I'd recommend both these books to anyone interested in knowing more about training. I'd especially recommend "Run" to serious runners looking to take the next step in their training--especially those who don't need a cookie cutter program but would rather use what they already know more efficiently. "Brain Training" is probably more appropriate for someone who doesn't know as much about training or is exploring different kinds of training.

Tuesday, March 27, 2012


After a two week stretch of almost perfect running weather, I am completely spoiled. Sunday was absolutely ideal for running--low 50s, slight breeze, and sunny. After a trip to Iowa for a friend's wedding, I headed out on a 12 mile run down to a regional park (with dry trails!), around Jensen Lake, and back. It was awesome. It's been the perfect spring for running.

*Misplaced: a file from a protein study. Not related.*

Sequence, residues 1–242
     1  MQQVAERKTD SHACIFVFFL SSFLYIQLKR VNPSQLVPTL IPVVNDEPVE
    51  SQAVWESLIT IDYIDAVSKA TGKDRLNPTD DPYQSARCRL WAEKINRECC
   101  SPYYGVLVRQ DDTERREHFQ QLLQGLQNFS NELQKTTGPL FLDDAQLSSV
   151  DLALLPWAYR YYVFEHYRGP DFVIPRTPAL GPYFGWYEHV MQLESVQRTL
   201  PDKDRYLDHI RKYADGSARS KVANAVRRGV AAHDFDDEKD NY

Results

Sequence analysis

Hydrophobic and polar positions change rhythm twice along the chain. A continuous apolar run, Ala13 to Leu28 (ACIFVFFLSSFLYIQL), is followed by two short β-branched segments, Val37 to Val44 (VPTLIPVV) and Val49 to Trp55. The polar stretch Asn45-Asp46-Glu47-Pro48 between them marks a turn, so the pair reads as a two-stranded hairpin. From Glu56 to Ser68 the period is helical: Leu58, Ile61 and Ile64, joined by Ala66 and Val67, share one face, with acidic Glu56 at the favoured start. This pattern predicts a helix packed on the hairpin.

Then, yesterday, it was chilly. Low 40s and windy. I didn't need to get a run in, but being on spring break I figured I'd run at least a few miles every day. But no, being completely spoiled by nice weather almost all of March, I sat around my house, mostly being lazy, and didn't get outside at all. It's amazing what a couple of weeks of nice weather will do to my fragile running psyche. Rather than suck it up, put on a wind breaker, and get a couple miles in, I instead grocery shopped, went to the library, read, and watched some TV. Ugh.